impaired JSO may be overrepresented so that the perceived risk for sexual re-offending may

be inflated (Kjellgren, Wassberg, Carlberg, Langstrom, & Svedin, 2006). Inconsistent findings

regarding the validity of the J-SOAP-II may also be due to different sampling strategies (low

risk vs. high risk JSO samples), different methods in the assessment of recidivism (charges

vs. social service information), and criterion contamination (lacking independence of risk and

recidivism assessment). Considering the various methodological difficulties, the J-SOAP-II

has not been recommended as a specialized risk assessment instrument for JSO (Vitacco et

al., 2009). Consequently, the authors of the J-SOAP-II emphasize the current limitations of

the J-SOAP-II and recommend the use of additional information sources in order to arrive at

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requires additional validation, further research based on clinical and criminal population

samples is highly needed (Prentky & Righthand, 2003).

To overcome some of the constraints mentioned above, the present study aimed at testing

the J-SOAP-II in the prediction of sexual, non-sexual violent, and general recidivism in a

consecutive sample of convicted JSO that is more representative than selected clinical

samples. Furthermore, due to the insufficient validity of the J-SOAP-II Sexual Drive scale

(Caldwell et al., 2008; Martinez et al., 2007; Viljoen et al., 2008), we included two additional

sexual offence measures in the present study. First, a modified version of the sexual severity

scale (Aylwin et al., 2000) describing the sexual intensity of the offence characteristics was

also analyzed in the prediction of sexual recidivism. The degree of contact by the offender has been considered in risk assessment instruments for sex offender registration (Juvenile

Risk Assessment Scale, JRS; Codey & Harvey, 2007). Second, as an additional measure of sexual preoccupation, the number of sexually abusive acts against the assault victim(s) was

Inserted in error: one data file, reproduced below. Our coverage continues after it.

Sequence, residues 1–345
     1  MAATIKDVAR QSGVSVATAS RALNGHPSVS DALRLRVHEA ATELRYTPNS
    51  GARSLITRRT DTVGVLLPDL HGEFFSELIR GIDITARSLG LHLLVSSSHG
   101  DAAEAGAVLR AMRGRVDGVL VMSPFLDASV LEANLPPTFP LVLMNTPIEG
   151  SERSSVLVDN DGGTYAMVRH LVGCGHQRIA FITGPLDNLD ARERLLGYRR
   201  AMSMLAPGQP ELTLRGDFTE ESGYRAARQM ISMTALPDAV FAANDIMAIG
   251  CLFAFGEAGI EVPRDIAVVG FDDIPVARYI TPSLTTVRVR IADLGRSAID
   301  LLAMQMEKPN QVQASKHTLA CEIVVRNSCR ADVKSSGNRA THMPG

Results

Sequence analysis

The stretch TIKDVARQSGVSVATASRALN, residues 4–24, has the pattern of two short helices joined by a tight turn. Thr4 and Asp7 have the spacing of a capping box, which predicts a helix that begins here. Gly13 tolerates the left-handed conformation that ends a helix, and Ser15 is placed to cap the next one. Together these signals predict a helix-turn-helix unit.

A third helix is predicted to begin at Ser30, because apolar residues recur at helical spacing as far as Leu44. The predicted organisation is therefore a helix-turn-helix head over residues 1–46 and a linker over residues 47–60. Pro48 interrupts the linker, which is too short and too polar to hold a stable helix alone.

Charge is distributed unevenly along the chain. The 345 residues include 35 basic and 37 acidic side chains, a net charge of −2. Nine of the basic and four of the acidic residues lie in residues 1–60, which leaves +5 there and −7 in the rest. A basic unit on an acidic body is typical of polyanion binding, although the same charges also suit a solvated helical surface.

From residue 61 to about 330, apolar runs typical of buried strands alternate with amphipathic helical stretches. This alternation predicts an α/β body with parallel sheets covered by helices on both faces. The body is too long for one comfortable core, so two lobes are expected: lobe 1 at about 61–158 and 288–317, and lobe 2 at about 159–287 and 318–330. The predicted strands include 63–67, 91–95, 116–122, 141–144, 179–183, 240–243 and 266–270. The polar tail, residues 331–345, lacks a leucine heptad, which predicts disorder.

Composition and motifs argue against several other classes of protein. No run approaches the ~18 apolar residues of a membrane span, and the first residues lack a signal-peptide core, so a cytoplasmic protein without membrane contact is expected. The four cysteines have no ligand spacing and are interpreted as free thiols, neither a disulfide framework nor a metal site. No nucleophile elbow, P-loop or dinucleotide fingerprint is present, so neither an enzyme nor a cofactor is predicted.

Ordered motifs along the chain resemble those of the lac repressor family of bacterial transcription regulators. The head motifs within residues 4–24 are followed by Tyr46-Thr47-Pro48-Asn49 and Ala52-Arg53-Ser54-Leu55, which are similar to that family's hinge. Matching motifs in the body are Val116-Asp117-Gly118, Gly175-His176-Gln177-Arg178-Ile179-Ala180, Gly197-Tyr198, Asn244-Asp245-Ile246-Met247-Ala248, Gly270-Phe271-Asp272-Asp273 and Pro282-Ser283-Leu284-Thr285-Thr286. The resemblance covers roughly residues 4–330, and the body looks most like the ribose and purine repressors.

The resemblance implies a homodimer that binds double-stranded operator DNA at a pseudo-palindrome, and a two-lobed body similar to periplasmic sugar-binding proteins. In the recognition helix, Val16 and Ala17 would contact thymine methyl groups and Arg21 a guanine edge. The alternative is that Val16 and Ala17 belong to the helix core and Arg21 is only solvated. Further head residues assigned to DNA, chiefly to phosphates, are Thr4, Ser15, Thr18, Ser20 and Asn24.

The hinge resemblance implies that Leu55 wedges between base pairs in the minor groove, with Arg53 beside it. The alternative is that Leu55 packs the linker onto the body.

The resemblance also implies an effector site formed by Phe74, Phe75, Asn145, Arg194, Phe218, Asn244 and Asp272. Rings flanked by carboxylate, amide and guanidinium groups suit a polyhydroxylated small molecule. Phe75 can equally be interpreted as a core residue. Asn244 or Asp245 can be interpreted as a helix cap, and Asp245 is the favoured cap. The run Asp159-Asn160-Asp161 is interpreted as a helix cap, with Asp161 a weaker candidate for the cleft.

evaluated using court file information.

Methods

Sample description

The present study was based on a retrospective analysis of the forensic, police and judicial

files and was designed in collaboration with the justice department of the Canton of Zurich, Switzerland. In addition to police reports and court protocols, every case file contained at

least a short summary by a social worker on social and family status, school experiences,

and a description of potential behavioral and familial difficulties of the young person. In

addition, 90 of the 223 JSO included in the final sample had been assessed by a forensic

mental health professional. The study was approved by the local medical ethics committee.

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who had been convicted of a sexual assault against children (victims under 16 years and at

least 3 years younger than the offender), coercive sexual behaviour, rape, exhibitionism,

sexual harassment, porn distribution or illegal pornography in the Canton of Zurich between

2000 and 2008. A total number of 419 JSO had been reported. However, not all of these

juveniles had been finally convicted; 40 (9.5%) of the youngsters were not found to be guilty